This matters. Previous research suggests that publishing of public opinion polls can actually influence public opinion, and eventually, voting. To be fair, these findings have always been tough to untangle. Does a poll showing a candidate with a big lead create a bandwagon effect where everyone wants to vote for the inevitable winner, or does it spur an underdog effect in which the losing candidate’s supporters mobilize to close the gap? Does depicting a close race boost turnout, while voters skip out on a projected blowout? There’s evidence of all of these. Continue reading “Sunday morning talk shows and portrayals of public opinion during the 2012 presidential campaign”
Papers presented August 7, 2015 at the annual conference of the Association for Education in Journalism and Mass Communication, San Francisco, Calif. Information about accessing specific papers available by visiting the Academia page on dylanmclemore.com.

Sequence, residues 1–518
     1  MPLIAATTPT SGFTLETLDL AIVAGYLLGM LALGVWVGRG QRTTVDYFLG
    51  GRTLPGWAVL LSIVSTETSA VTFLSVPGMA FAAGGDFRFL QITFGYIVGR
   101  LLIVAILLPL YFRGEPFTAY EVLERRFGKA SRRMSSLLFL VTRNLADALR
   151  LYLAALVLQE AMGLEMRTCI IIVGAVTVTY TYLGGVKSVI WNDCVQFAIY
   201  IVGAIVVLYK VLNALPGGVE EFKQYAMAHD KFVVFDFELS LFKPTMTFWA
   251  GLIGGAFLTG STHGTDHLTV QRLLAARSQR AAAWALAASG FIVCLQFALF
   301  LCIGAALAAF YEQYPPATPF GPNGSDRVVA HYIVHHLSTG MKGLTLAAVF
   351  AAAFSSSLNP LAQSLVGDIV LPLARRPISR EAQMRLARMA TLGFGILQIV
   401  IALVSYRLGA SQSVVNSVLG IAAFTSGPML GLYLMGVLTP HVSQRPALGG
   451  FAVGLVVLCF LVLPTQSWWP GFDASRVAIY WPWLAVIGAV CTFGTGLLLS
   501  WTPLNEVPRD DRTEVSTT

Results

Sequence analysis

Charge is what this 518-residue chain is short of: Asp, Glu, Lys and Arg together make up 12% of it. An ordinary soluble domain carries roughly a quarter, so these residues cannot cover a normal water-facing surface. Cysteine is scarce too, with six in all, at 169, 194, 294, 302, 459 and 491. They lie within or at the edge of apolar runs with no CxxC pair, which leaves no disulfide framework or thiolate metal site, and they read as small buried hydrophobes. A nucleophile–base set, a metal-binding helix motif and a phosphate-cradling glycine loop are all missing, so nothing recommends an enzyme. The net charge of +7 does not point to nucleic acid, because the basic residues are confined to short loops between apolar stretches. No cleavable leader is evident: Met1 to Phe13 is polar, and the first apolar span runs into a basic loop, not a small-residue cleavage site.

Recently, researchers with the University of Alabama Health Communication Lab spent two weeks with second- and third-grade children at a racially diverse public elementary school. We conducted a health intervention, leading physical education activities, talking about health and nutrition, and using new technologies to encourage physical activity and healthy diets. These are a portion of those findings:
Media Effect on Children’s Health
Media use is a popular target of blame for childhood health problems, particularly obesity. It is widely assumed that media use limits exercise by increasing sedentary activity, though most studies find that media simply displaces other types of sedentary activity. A second proposed media effect is that media content (especially advertising) teaches unhealthy attitudes and behaviors regarding nutrition. And while content analyses of children’s television programming find enough sugary snacks to rot your teeth, it’s less clear how effective those messages are at influencing children.